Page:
Have you ever wondered what it would have been like to spend a day at the track many, many years ago? Pick your favorite era… would you give almost anything for the chance to be transported back in time, even if only for a few moments, to completely immerse yourself in the experience?
While visual records like photographs, films, and videos are certainly wonderful ways to enjoy the past, they still lack that “immersive” quality that takes you back to that very place at that very time. But sounds, recorded and played back properly, can do just that.
Here at IndianaRacing.net, one of our goals is to somehow capture and share with our members the experience of attending an event. We do our best to take photos of course, and while we’d love to find a way to capture and replay the feeling of the sun on our shoulders, the sweet taste of a cold beer, or the smell of exhausted racing fuel wafting through the air, we’ll just have to rely on our imaginations for those things. However, we’ve been delighted to find that with a little modern technology, we’re able to create very accurate sound recordings. Recordings that are in fact, just like being there.
The device we use to create our recordings is the Sony MZ-RH10 Hi-MD MiniDisc Recorder. Just 3-1/4″ x 3/4″ x 3-3/8″ and weighing only about 5 ounces, the recorder is ultra-portable and can record a little over 90 minutes of high-quality uncompressed Linear PCM audio on Sony’s new 1Gb Hi-MD minidiscs (and up to 45 hours on a minidisc using compression).
The microphones we use are the Sound Professionals SP-TFB-2 in-ear binaurals. These omnidirectional microphones are capable of producing extremely accurate binaural recordings because they are actually placed at the opening of each ear. This allows us to create recordings that sound incredibly spacious and realistic. Listeners will literally hear what we heard when we were there.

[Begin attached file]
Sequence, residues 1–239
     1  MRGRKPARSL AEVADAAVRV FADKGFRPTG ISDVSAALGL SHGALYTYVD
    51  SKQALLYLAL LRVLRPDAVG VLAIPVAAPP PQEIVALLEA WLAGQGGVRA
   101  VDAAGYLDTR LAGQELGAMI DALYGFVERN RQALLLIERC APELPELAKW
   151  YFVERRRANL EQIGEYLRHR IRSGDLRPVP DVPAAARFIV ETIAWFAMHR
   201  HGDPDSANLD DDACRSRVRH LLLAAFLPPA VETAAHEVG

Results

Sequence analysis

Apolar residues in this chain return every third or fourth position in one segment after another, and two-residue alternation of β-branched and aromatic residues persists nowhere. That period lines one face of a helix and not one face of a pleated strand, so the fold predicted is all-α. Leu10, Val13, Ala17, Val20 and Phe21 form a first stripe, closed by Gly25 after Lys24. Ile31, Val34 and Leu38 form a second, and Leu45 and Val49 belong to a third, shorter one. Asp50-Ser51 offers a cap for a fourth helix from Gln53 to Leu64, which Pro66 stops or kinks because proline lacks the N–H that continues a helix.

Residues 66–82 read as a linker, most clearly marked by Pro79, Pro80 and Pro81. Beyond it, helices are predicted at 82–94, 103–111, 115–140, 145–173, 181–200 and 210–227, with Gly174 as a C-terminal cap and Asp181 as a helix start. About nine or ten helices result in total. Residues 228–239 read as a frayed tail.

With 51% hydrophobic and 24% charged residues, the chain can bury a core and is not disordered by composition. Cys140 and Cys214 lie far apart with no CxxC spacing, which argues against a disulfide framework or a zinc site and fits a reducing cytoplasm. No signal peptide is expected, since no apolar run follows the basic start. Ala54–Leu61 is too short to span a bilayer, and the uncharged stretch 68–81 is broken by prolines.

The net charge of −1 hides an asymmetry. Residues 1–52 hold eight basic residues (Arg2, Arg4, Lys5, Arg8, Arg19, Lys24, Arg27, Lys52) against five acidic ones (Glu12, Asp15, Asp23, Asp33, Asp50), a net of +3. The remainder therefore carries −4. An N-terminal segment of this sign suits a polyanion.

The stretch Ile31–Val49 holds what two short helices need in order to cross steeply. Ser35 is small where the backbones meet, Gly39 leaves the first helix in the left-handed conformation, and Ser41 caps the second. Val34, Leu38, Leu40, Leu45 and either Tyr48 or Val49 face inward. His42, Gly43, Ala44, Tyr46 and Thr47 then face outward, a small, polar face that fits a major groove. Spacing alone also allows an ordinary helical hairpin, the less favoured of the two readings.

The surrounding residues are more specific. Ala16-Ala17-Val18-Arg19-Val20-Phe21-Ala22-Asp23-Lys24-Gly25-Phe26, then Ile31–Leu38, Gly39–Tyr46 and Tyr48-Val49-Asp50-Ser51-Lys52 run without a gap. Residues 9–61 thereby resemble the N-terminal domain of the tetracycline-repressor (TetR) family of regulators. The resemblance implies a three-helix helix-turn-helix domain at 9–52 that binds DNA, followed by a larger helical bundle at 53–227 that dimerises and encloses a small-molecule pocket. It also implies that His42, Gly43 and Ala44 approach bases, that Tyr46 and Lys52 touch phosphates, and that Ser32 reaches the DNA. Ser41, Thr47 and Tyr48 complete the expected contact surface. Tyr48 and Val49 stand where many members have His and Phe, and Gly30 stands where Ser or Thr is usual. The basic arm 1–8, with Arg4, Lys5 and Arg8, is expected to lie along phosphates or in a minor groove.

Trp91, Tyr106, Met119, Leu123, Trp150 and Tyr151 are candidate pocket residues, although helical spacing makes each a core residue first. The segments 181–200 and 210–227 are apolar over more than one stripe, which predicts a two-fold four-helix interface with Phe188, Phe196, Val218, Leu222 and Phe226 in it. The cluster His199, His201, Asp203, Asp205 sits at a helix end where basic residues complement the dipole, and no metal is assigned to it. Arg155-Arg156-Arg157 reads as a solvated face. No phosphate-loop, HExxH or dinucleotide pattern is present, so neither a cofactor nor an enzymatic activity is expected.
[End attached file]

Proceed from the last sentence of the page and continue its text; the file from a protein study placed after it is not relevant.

To create the cleanest recordings possible without overloading the microphones or the recorder’s internal pre-amplifier, we also use the Sound Professionals SP-SPSB-1 Slimline Battery Module. This allows us to utilize the recorder’s line input.
After the event, the recordings are easily transferred to a computer via USB cable and Sony’s SonicStage software. The files are converted to standard uncompressed WAV files automatically. We then edit them and convert them to 128kbs MP3 files using Audacity (a free audio editing application) and the LAME MP3 encoder.
A few quick notes about editing: though our primary goal is realism, we do sometimes edit the files to improve the overall experience for the listener. For example, because of the extreme dynamic range of sounds at a race track, it can be very difficult to set recording levels correctly to capture both the very loud sounds of the cars and the quieter sounds of the track announcer on the public address system. In this case, and depending on the individual recording, we might amplify the sound of the announcer and compress the sound of the passing cars just slightly. However, we do not attempt to edit out all of the extraneous sounds: people talking, walking through the stands, coolers opening and closing, and all sorts of other miscellaneous noises. We want to capture exactly what we heard when we were there, and those noises are all part of the total experience.
If you have sound editing experience and can offer tips or suggestions to improve the quality of our recordings, please let us know.
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